5. Evangelism pleases the Lord. The Christian life must never be lived according to “shoulds.” Yet we hear that word often in relation to Bible reading, prayer, church attendance, and other Christian practices. “I should do that, but . . .” The but is a bigger problem than we want to admit. God’s children will naturally want to please their Heavenly Father; it is their greatest delight. So our compass is set with God at true north. In everything we do, we feel the magnetic pull toward pleasing God. Even mundane tasks can be completed with joy because we are doing what God has given us to do (1 Corinthians 10:31; 2 Corinthians 5:9). Teaching other people how to have a relationship with Jesus is one way to please Him. And in pleasing Him we are most fulfilled (Galatians 2:20).

What does the Bible say about the role of evangelism / outreach pastors?

The role of the pastor who specializes in evangelism and/or outreach varies widely from church to church. The person who engages in evangelism and outreach should first be gifted by the Holy Spirit in these areas and that gifting should be clear to both the pastor and those he serves. Ephesians 4:7-8 and 11-13 state, “But to each one of us grace was given according to the measure of Christ’s gift. Therefore He says: ‘When He ascended on high, He led captivity captive,…And gave gifts to men.’ And He Himself gave some to be apostles, some prophets, some evangelists, and some pastors and teachers, for the equipping of the saints for the work of ministry, for the edifying of the body of Christ.” Whatever the role and duties of the evangelism/outreach pastor, his primary goal should be to equip others for service within the body of Christ.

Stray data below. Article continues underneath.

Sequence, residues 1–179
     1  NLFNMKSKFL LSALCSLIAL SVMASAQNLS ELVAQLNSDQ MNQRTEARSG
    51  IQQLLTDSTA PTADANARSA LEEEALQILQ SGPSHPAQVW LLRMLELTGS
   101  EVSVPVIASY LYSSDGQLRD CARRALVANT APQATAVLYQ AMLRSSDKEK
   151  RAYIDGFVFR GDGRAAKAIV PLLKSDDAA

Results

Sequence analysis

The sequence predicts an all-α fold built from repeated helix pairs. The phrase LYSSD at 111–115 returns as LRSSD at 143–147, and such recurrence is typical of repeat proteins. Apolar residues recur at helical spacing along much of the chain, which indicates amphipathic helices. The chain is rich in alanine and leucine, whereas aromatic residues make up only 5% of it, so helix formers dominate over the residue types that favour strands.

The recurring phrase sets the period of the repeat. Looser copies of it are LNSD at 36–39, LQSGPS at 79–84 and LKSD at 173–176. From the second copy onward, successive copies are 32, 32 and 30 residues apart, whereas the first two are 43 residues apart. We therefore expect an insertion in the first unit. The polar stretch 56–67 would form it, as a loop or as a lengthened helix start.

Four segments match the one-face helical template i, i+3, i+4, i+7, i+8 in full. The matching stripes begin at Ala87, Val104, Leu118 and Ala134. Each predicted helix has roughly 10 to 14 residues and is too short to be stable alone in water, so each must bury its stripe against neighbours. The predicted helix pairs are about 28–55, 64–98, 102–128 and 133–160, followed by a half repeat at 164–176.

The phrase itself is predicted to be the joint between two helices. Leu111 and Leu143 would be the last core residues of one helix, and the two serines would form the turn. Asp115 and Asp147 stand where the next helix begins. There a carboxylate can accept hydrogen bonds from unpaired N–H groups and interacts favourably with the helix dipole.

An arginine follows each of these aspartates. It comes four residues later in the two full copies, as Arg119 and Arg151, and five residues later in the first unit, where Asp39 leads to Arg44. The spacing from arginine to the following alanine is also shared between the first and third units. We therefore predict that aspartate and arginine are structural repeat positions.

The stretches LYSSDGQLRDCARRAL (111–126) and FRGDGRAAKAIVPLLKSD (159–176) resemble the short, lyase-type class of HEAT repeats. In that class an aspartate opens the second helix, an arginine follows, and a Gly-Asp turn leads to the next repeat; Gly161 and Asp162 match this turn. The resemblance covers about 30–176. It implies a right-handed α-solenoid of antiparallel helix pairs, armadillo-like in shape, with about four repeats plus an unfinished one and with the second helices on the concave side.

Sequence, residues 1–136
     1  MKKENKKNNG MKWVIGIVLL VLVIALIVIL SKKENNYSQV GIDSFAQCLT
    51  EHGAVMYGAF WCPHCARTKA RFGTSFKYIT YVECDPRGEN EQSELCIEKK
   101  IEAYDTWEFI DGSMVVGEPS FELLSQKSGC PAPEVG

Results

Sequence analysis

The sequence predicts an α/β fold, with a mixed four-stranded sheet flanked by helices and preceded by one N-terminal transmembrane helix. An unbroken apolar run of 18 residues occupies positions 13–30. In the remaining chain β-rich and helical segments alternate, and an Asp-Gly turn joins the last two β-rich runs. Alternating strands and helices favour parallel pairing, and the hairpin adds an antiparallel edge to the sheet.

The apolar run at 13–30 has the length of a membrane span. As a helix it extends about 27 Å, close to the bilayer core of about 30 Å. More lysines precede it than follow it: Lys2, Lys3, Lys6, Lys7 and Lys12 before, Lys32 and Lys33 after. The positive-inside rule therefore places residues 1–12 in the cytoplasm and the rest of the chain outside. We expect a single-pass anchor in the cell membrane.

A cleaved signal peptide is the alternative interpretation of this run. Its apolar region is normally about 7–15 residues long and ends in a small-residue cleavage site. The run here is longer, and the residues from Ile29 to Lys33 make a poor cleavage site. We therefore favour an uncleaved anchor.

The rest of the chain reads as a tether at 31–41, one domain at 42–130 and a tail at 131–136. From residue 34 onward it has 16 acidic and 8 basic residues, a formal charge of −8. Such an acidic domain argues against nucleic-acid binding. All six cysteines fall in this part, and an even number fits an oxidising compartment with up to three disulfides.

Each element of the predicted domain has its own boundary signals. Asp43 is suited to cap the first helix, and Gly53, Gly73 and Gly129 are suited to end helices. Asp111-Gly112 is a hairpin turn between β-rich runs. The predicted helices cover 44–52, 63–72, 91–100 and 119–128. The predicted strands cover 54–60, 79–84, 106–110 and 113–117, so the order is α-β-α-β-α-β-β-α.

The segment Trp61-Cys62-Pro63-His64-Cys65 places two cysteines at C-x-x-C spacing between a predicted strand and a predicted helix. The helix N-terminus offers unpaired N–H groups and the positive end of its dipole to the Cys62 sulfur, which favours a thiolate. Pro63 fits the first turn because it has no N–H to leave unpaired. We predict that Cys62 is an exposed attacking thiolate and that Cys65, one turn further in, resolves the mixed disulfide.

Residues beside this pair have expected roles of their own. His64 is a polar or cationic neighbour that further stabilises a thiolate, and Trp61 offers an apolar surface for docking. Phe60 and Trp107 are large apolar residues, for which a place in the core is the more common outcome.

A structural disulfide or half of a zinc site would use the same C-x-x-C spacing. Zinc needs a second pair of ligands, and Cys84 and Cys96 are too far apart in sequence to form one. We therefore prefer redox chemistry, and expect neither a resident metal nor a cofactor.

A pastor who specializes in evangelism may go out into the community himself, perhaps in a door-to-door ministry, sharing the gospel of Christ with all he meets and inviting them to church. He may conduct regular evangelistic crusades or meetings in other areas for the goal of spreading the gospel and calling others to Christ. The evangelism pastor uses the biblical method of evangelism, sharing both the bad news of sin and judgment and the good news of salvation from sin through the shed blood of Christ at Calvary.

Outreach is another function of the evangelism/outreach pastor that can have many facets. The outreach pastor may be in charge of reaching out in a practical sense to those in the church with special needs, such as widows who need help with home maintenance and repair, single mothers who need childcare help, the unemployed, the homeless, etc. The outreach pastor may have a staff of volunteers he can call upon to help identify and meet those needs. Outreach can also be another word for discipleship. Some outreach pastors meet regularly with young people in the church to help them grow to spiritual maturity. He may conduct formal Bible studies or simply meet over a meal to come alongside and encourage them.

Again, whatever the individual duties of the evangelism/outreach pastor, his primary role is “to prepare God’s people for works of service, so that the body of Christ may be built up until we all reach unity in the faith and in the knowledge of the Son of God and become mature, attaining to the whole measure of the fullness of Christ” (Ephesians 4:12-13).